Charity leaders should create a “narrative of hope” as part of their work with vulnerable people, according to Ndidi Okezie, the chief executive of UK Youth.
Ozekie was speaking online last Friday, on the final day of the Charity Finance Group conference.
Speaking on the same panel, NCVO boss Karl Wilding warned that funders would not be able to fill the financial gap in the sector created by the pandemic, and said that charities will need to explore “different operating models” as part of future plans.
An end to doom-and-gloom
Ozekie told the event that the young people helped by her charity “are listening to everything that is said about them in the media, and even by us as those advocating on their behalf.
“We have to be careful that we are not purely speaking negative doom-and-gloom.
“Just as it is important to clarify the issues and the challenge, we have to hold on to a narrative of hope, and [make it clear] that there has to be solutions and opportunities for young people.
“One of the things that really struck me was that earlier on in the year we started this ‘lost generation’ chat. That really bugged me because they have not gone anywhere.”
Hope is hard
Answering questions from the digital audience, Ozekie said: “It is really hard, sometimes, to sound hopeful when you feel battered, and there’s an onslaught of things barraging down on you.”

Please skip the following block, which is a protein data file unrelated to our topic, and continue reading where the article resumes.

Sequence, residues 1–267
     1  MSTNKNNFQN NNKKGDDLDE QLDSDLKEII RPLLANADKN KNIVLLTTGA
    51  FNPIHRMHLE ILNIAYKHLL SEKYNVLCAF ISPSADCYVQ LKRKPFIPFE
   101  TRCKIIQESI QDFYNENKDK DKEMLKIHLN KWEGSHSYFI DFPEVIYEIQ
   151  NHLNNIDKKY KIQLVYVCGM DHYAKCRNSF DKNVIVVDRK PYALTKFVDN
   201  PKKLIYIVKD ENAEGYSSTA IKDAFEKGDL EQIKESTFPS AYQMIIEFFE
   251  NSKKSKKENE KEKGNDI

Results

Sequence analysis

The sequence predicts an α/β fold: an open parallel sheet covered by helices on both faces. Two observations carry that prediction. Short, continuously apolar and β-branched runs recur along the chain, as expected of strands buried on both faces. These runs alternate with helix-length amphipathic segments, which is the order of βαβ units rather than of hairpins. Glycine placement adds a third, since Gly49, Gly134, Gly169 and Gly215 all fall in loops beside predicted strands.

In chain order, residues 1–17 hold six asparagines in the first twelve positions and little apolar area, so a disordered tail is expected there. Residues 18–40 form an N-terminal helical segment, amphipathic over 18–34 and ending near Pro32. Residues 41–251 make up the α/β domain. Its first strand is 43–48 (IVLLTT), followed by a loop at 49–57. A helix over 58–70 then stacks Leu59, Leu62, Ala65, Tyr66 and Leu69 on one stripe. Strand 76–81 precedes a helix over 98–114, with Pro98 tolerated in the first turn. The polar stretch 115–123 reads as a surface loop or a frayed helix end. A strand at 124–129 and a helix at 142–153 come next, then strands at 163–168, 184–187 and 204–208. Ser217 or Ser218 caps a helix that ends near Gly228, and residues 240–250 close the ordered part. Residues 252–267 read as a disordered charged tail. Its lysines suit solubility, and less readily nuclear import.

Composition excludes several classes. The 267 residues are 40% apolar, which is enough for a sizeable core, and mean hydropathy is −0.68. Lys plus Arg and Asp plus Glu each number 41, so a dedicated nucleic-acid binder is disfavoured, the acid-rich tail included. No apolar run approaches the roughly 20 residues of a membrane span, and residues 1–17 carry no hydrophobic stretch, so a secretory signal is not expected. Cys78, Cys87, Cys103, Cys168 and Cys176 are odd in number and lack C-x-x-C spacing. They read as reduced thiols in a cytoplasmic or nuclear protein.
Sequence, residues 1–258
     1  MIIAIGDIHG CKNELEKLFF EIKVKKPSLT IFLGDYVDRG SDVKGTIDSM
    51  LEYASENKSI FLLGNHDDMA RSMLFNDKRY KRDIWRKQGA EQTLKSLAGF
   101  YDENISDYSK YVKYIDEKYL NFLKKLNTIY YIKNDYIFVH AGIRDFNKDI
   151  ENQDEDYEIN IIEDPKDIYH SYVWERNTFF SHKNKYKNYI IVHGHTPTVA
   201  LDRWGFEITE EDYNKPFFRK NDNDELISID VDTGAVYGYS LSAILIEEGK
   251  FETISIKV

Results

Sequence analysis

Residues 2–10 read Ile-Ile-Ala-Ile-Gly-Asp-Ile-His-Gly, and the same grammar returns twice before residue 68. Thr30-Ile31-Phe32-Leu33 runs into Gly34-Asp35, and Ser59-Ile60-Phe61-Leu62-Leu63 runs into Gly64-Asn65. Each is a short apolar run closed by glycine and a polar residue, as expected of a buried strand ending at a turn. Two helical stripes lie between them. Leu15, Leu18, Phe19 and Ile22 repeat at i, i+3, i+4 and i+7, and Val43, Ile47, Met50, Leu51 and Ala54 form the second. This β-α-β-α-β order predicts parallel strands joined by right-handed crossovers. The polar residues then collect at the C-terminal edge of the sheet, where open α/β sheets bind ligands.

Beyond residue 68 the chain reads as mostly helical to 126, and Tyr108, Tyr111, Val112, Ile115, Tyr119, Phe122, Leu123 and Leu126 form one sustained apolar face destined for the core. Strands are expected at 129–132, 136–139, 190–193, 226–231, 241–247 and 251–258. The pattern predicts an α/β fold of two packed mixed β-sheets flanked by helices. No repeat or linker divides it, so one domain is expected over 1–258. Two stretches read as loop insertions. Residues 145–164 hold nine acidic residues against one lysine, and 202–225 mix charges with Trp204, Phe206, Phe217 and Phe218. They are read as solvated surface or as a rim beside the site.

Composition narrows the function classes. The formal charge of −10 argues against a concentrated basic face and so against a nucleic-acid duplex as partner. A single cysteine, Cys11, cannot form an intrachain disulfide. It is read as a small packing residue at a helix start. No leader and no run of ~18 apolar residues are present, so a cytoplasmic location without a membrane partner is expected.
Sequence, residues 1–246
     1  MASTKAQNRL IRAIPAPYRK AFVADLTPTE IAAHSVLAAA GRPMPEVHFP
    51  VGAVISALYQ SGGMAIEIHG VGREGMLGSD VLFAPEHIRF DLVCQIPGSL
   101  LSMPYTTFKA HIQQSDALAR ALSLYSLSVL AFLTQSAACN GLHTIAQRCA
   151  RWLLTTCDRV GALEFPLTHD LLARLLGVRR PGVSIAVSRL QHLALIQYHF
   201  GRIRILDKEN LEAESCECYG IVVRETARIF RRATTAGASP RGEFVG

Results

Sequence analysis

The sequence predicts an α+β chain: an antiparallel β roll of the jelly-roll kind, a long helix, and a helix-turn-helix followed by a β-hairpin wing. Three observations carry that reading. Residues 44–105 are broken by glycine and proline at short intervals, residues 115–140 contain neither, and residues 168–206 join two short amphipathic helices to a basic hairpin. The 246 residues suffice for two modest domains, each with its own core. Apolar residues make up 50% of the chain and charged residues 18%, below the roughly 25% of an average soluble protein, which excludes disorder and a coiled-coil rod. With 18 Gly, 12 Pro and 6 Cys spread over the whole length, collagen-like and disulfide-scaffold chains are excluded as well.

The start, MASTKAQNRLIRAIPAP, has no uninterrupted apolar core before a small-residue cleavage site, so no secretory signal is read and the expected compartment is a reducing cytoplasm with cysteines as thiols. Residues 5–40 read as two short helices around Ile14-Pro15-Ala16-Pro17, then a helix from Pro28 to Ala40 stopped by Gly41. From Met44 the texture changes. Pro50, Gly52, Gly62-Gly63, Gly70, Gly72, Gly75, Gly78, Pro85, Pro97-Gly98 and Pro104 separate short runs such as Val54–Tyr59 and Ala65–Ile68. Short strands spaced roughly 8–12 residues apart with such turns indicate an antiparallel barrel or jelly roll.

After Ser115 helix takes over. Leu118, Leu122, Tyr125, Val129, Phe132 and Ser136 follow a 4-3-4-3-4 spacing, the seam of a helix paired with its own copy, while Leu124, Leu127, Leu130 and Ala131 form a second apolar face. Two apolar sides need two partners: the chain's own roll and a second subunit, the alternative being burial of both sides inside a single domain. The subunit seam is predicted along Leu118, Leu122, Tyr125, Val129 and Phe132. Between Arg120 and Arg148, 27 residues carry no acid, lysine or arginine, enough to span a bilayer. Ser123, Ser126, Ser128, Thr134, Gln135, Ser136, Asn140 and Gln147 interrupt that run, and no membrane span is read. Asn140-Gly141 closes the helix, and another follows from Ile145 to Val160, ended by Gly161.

She agreed that “you have to highlight the need” that charities are there to serve, but added: “Change cannot be made without hope.
“People often dismiss hope as this airy-fairy namby-pamby cute, overly-optimistic thing. I am not talking about ignorant hope or naïve hope, or hope that ignores problems.
“But you cannot solve things without a belief that they can be solved. And that is hope.”
Ozekie also called for leaders to show a “non-stop, can-do attitude” in communicating their values.
Caron Bradshow, the chief executive of CFG, agreed that charities have sometimes struggled with telling positive stories during the crisis.
Bradshaw said that “the narrative we have had in the sector as a whole” had too often involved “being there holding the begging cup, or that we are a passive recipient, all the negative connotations”.
“Even the chancellor described us as gentle, but the reality of charities is very different,” she added.
'We should get out there and shout and scream about what we do'
Bradshaw said later that charities “need to be less queasy about talking about the role” they fulfil in society.
She said: “You can’t talk about breathing without talking about the role of lungs. You can’t talk about social change without the role of social change organisations.”
Bradshaw added: “We should get out there and shout and scream about what we do. Because we won’t have the opportunity once it is gone.”
‘Rationalisation and doing things differently’
Karl Wilding told the event that the impact of Covid-19 on the sector was “here to stay”, and that charities could not rely on foundations to make up the money lost during the coronavirus crisis.
He said it was time for “an acknowledgement, perhaps on our part, that funders on their own are not going to be able to do this in terms of the future [finance] gap, and some of it is going to be about what responsibility we take for ourselves, about how we come up with different operating models and different financial models for the future.
“And, at the risk of making myself unpopular, some of that is going to be about rationalisation on our part and doing things differently.”